1. Bullying seems to be a problem that has been with us forever. There will always be those who think themselves superior to others and make others feel less! We need to learn how to stop this behavior or at least mitigate some of the response to that behavior. Giving children a voice and listening to their concerns is of utmost importance. While I personally would love to see all kinds of bullying gone, I feel that it won't ever happen unfortunately. But awareness is definitely making this problem a little better for those who have been bullied. <3

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  2. Thank you for your thoughts on this subject, Olivia. I fully agree with you. Awareness of the problem is half the solution.

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  3. I, too, was a victim of bullying in grade school and it was devastating. Those emotional scars may eventually heal, but they never disappear entirely. I imagine the effects must be far worse when the victims of bullying have disabilities.

    Children can be both remarkably kind and remarkably cruel. Modeling, teaching and rewarding kindness, empathy and inclusion at an early age is so important! I wish it were as fundamental and required a subject as mathematics.

    Thanks so much for shining a light on this important issue, Elf!

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    Replies
    1. I think we all have experienced some form of bullying in our lives. It IS an important issue, even more so today. If you think about it, even Nation's around the world 'BULLY' each other - the stronger or meaner preying on the weakest. Awareness is the beginning of the solution, I feel.

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  4. I've seen bullying all my life, in various forms and against a vary of people, just as you said. I have recently noted bullying of the elderly. Again, that is about who is most vulnerable in our society. For too long, I think we all looked the other way, perhaps not even noticing it. Having a dedicated awareness month is an excellent idea, not only for education, but for becoming more observant.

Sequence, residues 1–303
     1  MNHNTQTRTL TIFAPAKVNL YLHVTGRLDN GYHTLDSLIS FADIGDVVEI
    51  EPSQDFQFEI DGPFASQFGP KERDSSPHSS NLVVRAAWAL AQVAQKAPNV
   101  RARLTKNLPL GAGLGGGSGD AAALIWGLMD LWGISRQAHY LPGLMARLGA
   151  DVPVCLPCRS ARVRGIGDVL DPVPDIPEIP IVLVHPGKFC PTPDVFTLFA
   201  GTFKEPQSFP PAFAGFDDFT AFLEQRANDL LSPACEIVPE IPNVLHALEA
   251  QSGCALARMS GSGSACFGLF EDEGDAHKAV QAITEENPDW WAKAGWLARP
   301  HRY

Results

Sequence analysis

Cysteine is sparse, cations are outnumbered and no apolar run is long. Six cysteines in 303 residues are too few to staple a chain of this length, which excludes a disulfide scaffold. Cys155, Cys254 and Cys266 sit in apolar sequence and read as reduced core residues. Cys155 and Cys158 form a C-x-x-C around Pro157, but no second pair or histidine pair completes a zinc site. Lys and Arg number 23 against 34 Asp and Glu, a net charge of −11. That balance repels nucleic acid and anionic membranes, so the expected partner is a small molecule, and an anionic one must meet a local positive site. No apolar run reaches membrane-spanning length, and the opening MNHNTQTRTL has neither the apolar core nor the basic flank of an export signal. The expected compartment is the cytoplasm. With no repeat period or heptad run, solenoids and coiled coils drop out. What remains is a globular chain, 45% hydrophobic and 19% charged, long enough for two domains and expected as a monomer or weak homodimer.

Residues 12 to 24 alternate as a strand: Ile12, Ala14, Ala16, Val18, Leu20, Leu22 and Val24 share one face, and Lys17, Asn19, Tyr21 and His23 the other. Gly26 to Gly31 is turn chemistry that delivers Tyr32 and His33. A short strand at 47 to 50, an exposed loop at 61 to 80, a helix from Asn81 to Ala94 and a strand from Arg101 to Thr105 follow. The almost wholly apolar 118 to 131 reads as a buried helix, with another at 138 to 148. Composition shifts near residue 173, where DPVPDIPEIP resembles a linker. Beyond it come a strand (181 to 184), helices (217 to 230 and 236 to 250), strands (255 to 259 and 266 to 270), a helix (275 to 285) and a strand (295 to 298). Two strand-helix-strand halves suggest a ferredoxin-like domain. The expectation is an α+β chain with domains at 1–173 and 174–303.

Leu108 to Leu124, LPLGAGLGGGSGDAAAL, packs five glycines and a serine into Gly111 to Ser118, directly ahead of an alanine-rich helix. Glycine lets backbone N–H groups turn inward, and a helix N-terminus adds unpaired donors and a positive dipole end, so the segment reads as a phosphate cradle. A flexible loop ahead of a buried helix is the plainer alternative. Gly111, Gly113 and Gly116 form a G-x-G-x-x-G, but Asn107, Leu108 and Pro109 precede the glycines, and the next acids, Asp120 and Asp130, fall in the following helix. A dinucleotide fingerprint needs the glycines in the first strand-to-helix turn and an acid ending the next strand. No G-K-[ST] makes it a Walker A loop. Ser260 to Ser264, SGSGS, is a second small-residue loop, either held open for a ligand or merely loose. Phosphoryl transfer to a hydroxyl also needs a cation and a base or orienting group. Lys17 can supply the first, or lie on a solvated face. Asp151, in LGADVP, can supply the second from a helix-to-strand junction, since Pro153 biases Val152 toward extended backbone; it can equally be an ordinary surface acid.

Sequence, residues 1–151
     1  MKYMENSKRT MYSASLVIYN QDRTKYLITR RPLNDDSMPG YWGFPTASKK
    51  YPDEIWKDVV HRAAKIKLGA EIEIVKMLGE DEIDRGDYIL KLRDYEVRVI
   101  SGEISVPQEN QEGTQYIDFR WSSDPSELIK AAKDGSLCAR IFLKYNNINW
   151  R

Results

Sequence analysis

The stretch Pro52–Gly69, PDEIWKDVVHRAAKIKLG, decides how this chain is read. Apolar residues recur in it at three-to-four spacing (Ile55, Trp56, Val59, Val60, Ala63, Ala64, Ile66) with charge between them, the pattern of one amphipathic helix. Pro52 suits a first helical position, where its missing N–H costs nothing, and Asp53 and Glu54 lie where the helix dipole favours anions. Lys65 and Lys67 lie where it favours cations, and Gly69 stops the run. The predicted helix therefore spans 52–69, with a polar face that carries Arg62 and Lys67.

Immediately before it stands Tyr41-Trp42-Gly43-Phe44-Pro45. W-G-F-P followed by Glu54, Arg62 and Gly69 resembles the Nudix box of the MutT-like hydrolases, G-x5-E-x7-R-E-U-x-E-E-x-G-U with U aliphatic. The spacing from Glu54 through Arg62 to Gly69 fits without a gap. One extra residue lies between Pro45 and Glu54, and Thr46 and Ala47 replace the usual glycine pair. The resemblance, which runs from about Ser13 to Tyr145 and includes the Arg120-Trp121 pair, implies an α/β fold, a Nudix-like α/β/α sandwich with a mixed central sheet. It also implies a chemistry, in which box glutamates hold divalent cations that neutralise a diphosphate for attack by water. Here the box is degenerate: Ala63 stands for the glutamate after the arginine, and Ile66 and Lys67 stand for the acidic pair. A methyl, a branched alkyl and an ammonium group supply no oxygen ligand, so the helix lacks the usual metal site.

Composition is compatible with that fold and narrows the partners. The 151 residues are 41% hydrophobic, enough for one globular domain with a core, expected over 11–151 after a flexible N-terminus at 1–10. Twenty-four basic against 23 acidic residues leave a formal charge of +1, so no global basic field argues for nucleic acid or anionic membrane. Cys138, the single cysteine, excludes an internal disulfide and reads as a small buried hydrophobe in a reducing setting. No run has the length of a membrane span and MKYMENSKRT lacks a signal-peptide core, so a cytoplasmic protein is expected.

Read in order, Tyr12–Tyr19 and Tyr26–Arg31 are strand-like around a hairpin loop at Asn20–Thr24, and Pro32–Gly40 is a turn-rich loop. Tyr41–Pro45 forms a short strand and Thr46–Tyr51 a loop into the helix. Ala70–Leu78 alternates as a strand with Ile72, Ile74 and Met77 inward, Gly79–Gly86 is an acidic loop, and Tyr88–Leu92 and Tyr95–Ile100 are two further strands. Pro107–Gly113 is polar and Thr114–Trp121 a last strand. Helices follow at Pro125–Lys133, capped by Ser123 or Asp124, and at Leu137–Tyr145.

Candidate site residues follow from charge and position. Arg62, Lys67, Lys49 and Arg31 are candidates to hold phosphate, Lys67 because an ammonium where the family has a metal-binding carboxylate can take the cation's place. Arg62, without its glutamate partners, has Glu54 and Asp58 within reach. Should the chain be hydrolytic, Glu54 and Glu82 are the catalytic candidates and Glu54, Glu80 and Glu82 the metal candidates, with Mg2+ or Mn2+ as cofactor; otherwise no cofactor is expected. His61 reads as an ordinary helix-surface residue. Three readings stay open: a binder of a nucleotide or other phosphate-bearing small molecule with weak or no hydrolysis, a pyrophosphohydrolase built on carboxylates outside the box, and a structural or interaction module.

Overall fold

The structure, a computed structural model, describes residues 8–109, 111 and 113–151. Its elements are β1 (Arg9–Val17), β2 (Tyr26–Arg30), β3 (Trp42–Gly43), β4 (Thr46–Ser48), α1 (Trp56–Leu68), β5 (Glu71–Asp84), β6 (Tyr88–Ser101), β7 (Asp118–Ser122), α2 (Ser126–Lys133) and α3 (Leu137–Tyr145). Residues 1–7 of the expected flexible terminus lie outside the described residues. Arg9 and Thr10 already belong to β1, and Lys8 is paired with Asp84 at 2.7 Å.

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    Replies
    1. Thanks for mentioning bullying of the elderly, Mouse. That is just as important as a child being bullied. It's very true that the most vulnerable are those that are often targeted. It's all wrong, no matter when and where it happens. Society needs to get back to 'caring' about each other. In other words, whether religious or not, we all need to follow the "Golden Rule".

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  5. I was never a victim of bullying (gossip stuff maybe - a different kind of nastiness) but not bullying - however, someone in my family was and it's a horrendous thing to deal with for everyone, especially the child going through it. It's heartbreaking as a human sharing this earth with others to witness the unholy things people will do to each other. I still hold on to hope, but it's things like this that test us. Awareness, education and talk - I could have used more of that when I was younger - it was a different time - glad that things are slowly progressing.

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  6. It is a good thing to shine a light on bullying in all areas of life. I recall my parents saying that bullying said a lot more about the state of mind and lack of emotional maturity of the bullies than the bullied. There is no excuse for bullying and everyone ought to be taught to be kind and compassionate.Life is never linear the strong can become weak, the invulnerable become vulnerable in a heartbeat and it works the other way too, so it is always best to treat people in a way you would wish to be treated. Awareness is important, empathy and respect are powerful, followed by action.

    ReplyDelete